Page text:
UI provides four seniors an education in human rights advocacy

Four seniors in the Human Rights Certificate program at the University of Iowa started their involvement in human rights and education advocacy through a supervised internship.

Contributed+photo%2C+from+left+to+right%2C+of+Lauren+Fuller%2C+Delaney+Patrick%2C+Olivia+Friederick%2C+Esti+Brady%2C+and+Grace+Wenstrom.+The+group+traveled+to+Washington%2C+D.C.%2C+to+speak+to+congress+members.+

Contributed photo, from left to right, of Lauren Fuller, Delaney Patrick, Olivia Friederick, Esti Brady, and Grace Wenstrom. The group traveled to Washington, D.C., to speak to congress members.

Emily Delgado, News Reporter


Four graduating University of Iowa seniors found a purpose for human rights advocacy and activism in the university’s Human Rights Certificate.

Through the certificate, Grace Wenstrom, Lauren Fuller, Kirsten Smith, and Levi Bowman were a part of a guided internship at Scholars at Risk, a national organization that aims to protect international scholars and academic freedom.

Fuller, a political science major, said she and Wenstrom — a journalism and mass communications major — went to Washington, D.C., to speak to Sen. Joni Ernst, R-Iowa, Rep. Ashley Hinson, R-Iowa, and Rep. Cindy Axne, D-Iowa, in April about a human rights case. Wenstrom said the team was assigned the case of Ilham Tohti, a Uyghur economist who was detained for creating a website for Uyghur-Han cross-cultural communication.

Each member of the team led meetings with the members of Congress. Wenstrom led a conversation with staffers from Ernst’s office.

“I would say they were receptive. Kind of like all the others, they had a little bit of apprehension, just in terms of [the] human rights angle, most of the staffers wanted to go toward like, ‘OK, how’s this economically affecting us,’ and kind of a protectionist type of angle,” Wenstrom said.

Through Scholars at Risk, the seniors worked alongside Clare Farne Robinson, Scholars at Risk advocacy director.

“University of Iowa students raise awareness about the persistent, deeply concerning, global problem of wrongful prosecutions and imprisonments of scholars and students,” Robinson said. “But, perhaps even more important, the students’ actions remind the world that imprisoned scholars are not forgotten. They remind the scholars and their families that the higher-education community remembers them, values them, and continues to support them.”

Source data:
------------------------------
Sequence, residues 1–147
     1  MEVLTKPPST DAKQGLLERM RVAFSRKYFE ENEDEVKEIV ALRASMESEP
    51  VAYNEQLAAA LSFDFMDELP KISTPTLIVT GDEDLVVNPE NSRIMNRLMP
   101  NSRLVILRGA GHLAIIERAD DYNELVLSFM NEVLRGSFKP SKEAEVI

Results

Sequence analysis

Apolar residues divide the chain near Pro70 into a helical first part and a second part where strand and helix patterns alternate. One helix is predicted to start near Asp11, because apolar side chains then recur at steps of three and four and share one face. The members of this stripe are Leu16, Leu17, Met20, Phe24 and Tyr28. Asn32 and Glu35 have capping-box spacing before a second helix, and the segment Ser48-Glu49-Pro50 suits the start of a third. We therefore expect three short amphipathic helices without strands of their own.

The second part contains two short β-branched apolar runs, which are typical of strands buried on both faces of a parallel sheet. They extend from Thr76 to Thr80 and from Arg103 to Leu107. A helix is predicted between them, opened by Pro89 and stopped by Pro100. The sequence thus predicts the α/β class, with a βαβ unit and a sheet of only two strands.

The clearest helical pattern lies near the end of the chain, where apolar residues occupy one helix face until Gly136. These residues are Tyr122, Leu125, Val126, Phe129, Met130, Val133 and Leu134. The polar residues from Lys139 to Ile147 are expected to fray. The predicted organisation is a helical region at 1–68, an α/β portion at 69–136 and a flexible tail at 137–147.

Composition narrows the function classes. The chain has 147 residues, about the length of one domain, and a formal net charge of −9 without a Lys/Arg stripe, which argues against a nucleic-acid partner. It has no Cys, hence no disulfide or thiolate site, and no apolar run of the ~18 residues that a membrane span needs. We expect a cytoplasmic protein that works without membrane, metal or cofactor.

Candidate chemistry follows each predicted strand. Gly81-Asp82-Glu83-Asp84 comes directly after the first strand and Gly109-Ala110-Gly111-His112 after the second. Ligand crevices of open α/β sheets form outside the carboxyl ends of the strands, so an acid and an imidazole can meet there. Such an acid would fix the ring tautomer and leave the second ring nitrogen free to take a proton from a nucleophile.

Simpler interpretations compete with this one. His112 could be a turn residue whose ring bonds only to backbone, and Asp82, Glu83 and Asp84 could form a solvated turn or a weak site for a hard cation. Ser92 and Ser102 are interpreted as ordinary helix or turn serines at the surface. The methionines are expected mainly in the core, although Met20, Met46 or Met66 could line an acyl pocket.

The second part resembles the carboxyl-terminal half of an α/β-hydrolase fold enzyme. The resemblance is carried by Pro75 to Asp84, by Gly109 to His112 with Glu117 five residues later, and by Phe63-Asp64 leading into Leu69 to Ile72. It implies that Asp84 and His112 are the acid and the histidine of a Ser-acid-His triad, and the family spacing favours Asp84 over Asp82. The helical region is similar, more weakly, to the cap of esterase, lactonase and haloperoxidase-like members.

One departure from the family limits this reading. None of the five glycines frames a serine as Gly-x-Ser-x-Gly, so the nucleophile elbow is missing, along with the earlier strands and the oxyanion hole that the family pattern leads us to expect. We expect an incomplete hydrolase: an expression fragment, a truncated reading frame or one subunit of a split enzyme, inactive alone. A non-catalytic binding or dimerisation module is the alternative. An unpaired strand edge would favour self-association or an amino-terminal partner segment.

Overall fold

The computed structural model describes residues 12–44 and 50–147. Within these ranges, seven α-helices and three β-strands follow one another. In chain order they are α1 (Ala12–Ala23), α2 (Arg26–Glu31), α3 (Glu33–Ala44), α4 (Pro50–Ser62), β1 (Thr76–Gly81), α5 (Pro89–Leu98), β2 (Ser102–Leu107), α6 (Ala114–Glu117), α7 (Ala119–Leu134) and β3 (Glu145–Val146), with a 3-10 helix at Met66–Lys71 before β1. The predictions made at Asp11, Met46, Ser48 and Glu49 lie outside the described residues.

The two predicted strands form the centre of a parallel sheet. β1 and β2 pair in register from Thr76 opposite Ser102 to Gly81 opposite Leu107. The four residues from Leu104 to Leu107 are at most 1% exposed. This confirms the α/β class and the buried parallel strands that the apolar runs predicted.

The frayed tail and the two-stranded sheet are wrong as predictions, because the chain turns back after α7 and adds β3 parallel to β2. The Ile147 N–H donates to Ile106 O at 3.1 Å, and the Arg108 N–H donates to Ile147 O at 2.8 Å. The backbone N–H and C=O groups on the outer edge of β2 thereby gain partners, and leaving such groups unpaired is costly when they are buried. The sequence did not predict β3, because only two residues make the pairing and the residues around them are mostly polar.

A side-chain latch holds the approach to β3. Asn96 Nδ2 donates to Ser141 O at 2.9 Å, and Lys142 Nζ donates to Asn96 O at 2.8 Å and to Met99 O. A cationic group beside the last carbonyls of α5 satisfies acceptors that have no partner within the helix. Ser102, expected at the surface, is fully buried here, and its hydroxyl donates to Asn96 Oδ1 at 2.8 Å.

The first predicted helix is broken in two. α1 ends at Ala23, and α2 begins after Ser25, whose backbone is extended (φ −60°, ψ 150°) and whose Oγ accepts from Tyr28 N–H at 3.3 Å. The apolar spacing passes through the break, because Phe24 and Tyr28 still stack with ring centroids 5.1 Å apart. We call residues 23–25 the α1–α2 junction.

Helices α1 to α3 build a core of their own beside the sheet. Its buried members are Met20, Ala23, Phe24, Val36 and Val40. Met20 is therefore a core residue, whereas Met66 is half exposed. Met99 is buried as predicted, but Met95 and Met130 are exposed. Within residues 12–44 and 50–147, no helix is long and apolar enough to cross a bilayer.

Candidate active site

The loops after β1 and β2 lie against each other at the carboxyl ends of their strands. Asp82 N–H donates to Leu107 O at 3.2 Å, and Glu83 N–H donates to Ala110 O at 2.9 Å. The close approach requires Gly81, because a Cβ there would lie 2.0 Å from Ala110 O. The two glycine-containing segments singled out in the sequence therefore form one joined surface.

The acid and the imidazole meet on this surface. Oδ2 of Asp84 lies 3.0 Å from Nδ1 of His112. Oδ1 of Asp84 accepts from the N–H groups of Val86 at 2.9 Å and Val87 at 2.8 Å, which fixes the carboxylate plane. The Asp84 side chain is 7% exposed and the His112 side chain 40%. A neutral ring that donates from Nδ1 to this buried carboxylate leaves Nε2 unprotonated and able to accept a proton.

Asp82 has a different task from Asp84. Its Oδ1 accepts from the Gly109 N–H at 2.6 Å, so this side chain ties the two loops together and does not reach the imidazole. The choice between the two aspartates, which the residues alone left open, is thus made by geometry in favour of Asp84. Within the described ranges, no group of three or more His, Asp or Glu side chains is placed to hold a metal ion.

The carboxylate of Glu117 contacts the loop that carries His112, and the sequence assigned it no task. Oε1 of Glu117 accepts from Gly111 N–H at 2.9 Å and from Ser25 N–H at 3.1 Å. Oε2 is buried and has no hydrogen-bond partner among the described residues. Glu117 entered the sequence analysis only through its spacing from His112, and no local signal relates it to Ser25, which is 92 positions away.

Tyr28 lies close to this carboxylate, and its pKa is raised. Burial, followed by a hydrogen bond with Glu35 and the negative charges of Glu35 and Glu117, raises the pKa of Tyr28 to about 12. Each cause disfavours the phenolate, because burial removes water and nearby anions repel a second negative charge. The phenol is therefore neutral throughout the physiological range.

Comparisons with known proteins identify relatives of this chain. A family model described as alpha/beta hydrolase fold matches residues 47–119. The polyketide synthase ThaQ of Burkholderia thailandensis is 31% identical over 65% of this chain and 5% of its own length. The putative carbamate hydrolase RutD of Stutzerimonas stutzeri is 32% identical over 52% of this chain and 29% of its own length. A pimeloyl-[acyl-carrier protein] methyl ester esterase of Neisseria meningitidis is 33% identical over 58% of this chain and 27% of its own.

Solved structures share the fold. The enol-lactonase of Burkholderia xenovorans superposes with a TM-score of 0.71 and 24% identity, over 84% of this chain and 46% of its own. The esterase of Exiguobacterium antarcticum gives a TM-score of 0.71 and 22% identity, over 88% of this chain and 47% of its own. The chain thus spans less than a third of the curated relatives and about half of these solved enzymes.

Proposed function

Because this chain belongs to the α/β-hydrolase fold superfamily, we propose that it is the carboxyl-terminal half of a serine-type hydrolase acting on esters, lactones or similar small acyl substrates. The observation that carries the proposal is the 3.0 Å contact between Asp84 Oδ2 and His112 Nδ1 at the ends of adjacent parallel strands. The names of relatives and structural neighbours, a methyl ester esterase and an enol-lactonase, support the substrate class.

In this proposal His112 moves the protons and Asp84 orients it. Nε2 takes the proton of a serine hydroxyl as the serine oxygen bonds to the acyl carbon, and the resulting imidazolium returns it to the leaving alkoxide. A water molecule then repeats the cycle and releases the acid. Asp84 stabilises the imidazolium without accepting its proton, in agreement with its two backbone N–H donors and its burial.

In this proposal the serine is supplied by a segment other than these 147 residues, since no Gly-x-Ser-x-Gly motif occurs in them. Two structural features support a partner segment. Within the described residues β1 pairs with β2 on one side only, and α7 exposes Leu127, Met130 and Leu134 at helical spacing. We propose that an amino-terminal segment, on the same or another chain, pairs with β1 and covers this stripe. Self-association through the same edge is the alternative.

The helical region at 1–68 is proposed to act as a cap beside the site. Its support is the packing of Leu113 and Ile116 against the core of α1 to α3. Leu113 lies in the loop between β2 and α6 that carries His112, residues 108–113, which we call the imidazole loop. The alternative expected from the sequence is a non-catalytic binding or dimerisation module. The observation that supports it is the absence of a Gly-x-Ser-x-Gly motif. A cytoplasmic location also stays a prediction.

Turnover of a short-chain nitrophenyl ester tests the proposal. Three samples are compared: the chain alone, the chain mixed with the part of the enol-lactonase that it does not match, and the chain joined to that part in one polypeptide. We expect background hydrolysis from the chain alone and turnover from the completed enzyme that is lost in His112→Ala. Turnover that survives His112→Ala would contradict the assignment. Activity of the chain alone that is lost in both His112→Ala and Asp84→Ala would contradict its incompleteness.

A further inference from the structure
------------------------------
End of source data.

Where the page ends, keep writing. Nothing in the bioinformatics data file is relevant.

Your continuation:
Wenstrom said the conversations with the congressional staffers taught her to be assertive.

Before coming to the UI and taking the Seminar in Human Rights Praxis: Supervised Internship, each member of the group had an interest in human rights and advocacy, Fuller said.

“We’ve all kind of talked about being interested in human rights and advocacy and social justice awareness,” Fuller said.

Bowman, a global health studies major, said he started his work in advocacy after seeing his father, an Iowa senator, pursue advocacy and activism.

“I just started working with the Democratic caucus in Iowa,” Bowman said. “And so, that just kind of turned into more of an advocacy role.”

Smith, a communication studies major, came into college with the intent of getting into women’s rights, but changed her mind when she discovered the Human Rights Certificate.

“Once I got into human rights through the certificate, I figured out that that’s what I want to do,” Smith said. “And I’m actually going to be attending a graduate program for human rights in the fall.”

Wenstrom started noticing social inequities at a young age and was concerned. It was during her time at the UI that she started to get involved in the legal side of advocating for human rights.

“I kind of carried that through to my summers in college, that’s really when I first started to, like, explore if I wanted to attack it from a legal sense or not,” Wenstrom said. “So I did some volunteer work and Legal Aid firms and things and really started to build my interest that way.”

All four seniors said the professors within the Human Rights Certificate helped foster their dedication to human rights and advocacy.

“Even just feeling a passion, while they’re lecturing, is sometimes intense,” Smith said. “It’s so inspiring and makes you want to be like them and learn what they know.”

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